NICOLA Sturgeon has insisted that voters will decide the fate of the SNP Edinburgh South candidate who used a fake Twitter account to link to a satirical site which jokingly compared anti-independence campaigners to Nazi collaborators.
Neil Hay has apologised for setting up an account under the name Paco McSheepie, from which he said some elderly voters could “barely remember their own names”.
His secret Twitter feed was exposed by the Evening News yesterday – before rival parties called for him to be sacked at First Minister’s Questions.
It has also emerged that Mr Hay, who is aiming to dislodge Labour’s Ian Murray in the constituency, where polls suggest a tight finish, was paid £4500 of taxpayers’ money to carry out work for Edinburgh Southern MSP Jim Eadie.
Mr Eadie said he was not aware of the fake Twitter account when he employed the Westminster candidate.
He said: “Neil Hay undertook project work for me between December 2013 and March 2014. He has not worked for me since then. I was not aware of the tweets.”
Mr Hay, a volunteer with the Edinburgh Cyrenians charity, used the Paco McSheepie account to link to political satire site BBC Scotlandshire, which branded ‘No’ campaigners “Quislings” – a reference to the name of the Nazi collaborator who headed the puppet Norwegian government during Hitler’s occupation.
Scottish Conservative Edinburgh South candidate Miles Briggs said: “Voters will be shocked by the views expressed by Neil Hay and questions clearly must be asked if he is fit to serve in public office.”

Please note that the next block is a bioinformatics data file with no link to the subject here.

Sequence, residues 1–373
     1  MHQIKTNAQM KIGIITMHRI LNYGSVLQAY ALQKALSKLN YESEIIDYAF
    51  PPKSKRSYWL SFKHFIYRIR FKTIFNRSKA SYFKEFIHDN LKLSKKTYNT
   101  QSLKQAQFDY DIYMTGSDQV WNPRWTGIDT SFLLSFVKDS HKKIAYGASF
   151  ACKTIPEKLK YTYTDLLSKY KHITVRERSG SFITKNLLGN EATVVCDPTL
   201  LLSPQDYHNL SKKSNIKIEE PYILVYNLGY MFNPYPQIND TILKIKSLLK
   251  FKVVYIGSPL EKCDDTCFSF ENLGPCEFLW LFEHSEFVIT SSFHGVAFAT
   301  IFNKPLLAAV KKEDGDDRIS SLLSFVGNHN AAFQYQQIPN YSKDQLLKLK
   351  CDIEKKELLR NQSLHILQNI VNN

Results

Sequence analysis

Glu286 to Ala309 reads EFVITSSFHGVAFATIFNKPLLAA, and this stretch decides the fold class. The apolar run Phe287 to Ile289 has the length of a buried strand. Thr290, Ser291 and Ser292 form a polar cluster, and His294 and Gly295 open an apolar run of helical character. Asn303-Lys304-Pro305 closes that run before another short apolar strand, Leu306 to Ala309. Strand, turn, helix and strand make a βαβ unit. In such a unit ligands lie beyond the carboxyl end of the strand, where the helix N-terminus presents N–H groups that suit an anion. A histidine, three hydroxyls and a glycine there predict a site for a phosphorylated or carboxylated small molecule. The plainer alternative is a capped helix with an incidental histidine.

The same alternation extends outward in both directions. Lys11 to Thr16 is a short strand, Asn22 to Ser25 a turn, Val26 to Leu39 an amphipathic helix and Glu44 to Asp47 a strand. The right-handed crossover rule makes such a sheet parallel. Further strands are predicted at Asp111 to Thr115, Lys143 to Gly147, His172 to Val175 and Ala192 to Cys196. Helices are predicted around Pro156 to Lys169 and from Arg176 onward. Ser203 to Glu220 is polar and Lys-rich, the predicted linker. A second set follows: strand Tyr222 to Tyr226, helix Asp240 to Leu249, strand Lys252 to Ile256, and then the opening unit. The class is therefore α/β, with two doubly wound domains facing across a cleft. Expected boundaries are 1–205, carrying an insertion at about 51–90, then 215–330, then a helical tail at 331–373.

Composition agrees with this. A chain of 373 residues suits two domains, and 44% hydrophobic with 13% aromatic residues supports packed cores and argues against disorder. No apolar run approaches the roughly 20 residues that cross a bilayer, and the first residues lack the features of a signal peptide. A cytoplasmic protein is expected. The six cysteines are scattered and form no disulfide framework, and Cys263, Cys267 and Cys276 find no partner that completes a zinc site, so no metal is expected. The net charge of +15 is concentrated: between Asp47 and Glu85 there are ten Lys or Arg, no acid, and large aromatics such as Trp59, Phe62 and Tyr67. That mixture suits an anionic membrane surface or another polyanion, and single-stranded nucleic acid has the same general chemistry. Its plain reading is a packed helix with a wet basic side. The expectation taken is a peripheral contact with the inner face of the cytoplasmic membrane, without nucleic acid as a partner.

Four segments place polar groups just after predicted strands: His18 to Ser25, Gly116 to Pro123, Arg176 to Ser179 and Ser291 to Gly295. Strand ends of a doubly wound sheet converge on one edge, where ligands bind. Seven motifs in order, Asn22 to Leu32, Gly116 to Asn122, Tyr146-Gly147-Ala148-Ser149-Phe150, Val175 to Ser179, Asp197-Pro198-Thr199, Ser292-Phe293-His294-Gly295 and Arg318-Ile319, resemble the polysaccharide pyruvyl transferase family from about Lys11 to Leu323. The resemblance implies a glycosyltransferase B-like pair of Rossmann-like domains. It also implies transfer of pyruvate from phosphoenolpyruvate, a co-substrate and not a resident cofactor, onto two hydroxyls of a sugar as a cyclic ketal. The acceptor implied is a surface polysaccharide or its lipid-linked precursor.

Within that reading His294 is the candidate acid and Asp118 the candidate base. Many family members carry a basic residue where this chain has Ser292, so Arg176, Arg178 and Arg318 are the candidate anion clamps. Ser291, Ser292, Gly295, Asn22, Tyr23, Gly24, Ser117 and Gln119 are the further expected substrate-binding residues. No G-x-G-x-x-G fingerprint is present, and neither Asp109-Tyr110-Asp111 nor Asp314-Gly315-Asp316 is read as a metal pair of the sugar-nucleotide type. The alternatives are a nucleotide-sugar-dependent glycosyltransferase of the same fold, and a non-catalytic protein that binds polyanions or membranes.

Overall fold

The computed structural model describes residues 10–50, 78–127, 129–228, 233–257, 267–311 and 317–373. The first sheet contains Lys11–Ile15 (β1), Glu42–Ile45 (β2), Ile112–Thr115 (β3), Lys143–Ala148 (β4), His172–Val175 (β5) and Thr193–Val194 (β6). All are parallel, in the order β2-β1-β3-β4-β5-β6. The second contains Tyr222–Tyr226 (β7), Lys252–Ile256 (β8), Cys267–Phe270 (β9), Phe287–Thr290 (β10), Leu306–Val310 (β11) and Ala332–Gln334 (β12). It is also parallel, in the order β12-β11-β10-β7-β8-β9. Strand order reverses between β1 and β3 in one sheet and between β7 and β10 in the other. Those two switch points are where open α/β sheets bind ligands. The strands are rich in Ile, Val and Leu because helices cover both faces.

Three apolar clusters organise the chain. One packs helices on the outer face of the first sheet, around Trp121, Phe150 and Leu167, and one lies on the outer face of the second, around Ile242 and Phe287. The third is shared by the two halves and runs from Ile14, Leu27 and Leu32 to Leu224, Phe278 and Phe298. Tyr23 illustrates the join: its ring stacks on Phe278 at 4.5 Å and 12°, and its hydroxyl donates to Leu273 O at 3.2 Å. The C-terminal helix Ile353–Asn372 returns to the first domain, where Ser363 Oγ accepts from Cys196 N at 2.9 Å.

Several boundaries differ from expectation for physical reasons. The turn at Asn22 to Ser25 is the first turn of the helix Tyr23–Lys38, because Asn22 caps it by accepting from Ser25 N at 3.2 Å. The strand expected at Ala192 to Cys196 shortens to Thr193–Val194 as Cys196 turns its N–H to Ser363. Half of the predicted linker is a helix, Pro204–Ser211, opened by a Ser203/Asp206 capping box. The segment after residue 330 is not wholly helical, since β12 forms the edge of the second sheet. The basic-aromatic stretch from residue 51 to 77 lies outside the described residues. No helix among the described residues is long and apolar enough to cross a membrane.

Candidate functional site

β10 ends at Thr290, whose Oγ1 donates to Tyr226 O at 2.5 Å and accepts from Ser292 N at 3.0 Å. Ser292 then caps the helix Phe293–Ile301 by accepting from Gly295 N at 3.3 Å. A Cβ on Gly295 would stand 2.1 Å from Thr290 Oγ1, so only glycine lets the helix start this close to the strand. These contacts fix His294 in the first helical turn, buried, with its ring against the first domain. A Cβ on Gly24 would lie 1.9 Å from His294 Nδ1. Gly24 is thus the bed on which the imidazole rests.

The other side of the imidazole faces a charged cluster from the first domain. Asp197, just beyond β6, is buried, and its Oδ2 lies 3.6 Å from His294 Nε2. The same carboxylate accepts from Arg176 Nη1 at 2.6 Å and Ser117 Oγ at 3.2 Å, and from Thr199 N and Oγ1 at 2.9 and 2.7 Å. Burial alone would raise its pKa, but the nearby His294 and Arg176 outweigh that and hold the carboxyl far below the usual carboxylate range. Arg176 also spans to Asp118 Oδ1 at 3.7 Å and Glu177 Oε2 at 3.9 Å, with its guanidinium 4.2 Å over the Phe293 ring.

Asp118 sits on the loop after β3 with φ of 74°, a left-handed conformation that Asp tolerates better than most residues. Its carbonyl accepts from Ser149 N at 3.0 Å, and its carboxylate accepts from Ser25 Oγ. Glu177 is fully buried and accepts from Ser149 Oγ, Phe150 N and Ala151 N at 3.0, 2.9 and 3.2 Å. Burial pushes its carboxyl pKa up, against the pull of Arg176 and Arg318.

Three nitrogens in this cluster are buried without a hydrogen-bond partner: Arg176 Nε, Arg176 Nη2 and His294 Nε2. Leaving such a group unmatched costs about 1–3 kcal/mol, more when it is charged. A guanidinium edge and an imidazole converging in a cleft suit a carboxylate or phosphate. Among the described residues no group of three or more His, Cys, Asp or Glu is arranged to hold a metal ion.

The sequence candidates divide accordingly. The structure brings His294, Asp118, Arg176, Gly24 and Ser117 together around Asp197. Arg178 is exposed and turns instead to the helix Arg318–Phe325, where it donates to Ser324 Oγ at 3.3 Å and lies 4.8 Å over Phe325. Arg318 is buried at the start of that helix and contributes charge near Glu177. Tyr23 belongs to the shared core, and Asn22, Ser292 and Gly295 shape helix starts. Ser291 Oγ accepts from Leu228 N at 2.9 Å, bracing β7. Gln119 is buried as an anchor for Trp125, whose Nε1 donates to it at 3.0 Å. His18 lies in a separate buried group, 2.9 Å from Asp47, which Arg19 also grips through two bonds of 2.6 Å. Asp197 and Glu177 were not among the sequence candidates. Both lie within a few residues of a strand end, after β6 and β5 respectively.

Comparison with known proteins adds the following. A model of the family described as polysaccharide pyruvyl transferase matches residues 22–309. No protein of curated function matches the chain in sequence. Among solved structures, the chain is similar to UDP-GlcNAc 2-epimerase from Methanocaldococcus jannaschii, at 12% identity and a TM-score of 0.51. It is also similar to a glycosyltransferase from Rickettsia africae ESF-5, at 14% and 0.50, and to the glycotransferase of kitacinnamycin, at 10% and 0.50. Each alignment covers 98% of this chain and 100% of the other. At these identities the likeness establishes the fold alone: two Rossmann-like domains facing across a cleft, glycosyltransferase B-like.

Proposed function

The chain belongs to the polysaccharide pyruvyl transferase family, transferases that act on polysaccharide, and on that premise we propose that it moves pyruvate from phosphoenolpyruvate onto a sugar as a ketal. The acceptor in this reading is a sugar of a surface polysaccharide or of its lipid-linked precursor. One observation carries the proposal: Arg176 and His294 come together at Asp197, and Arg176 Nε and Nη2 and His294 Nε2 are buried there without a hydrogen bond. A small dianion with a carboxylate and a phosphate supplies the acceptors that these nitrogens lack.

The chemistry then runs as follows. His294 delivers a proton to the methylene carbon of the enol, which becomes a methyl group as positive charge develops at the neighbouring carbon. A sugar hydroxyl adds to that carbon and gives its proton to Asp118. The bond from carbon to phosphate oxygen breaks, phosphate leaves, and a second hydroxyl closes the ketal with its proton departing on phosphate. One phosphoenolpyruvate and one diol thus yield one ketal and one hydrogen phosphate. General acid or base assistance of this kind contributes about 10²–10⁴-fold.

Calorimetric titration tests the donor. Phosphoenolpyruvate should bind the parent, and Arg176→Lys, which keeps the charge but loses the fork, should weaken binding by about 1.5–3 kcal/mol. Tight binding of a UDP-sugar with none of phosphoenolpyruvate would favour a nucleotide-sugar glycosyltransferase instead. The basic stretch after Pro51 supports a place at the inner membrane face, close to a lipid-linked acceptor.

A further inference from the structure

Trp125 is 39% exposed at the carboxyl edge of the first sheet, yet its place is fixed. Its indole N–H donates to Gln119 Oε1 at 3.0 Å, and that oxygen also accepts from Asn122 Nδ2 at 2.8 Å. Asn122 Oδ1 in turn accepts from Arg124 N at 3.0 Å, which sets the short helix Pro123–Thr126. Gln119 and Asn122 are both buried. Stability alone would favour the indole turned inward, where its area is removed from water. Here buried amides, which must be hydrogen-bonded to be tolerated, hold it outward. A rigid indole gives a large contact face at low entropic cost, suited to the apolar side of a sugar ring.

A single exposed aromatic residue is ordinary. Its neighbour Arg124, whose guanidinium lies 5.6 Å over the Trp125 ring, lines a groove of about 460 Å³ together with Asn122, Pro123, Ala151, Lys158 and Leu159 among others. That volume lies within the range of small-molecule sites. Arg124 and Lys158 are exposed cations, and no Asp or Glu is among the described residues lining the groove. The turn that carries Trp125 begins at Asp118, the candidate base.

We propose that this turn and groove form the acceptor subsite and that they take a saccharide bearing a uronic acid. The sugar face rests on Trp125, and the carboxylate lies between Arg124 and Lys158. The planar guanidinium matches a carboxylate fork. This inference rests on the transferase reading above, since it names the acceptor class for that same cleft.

Scottish Labour deputy leader Kezia Dugdale yesterday called on Ms Sturgeon to act during FMQs, a demand repeated by leader Jim Murphy.
He said: “I know it’s an unusual step to take at this stage of the election campaign, but the SNP should sack this candidate. His name doesn’t belong on a ballot paper.”
Ms Sturgeon told Holyrood: “I do condemn the language used and I condemn the comments made as I always do when anybody steps out of line on Twitter, on Facebook or on any medium.
“Neil Hay has rightly apologised – and I think given that we face an election in two weeks it’s up to the voters to decide.”
An SNP source said there was little the party could do.
“His name is on the ballot paper, nominations have closed,” they added. “Even if a party wanted to take action, there is nothing obvious that can be done. It’s absolutely down to the voters.”
Mr Hay was unavailable for comment.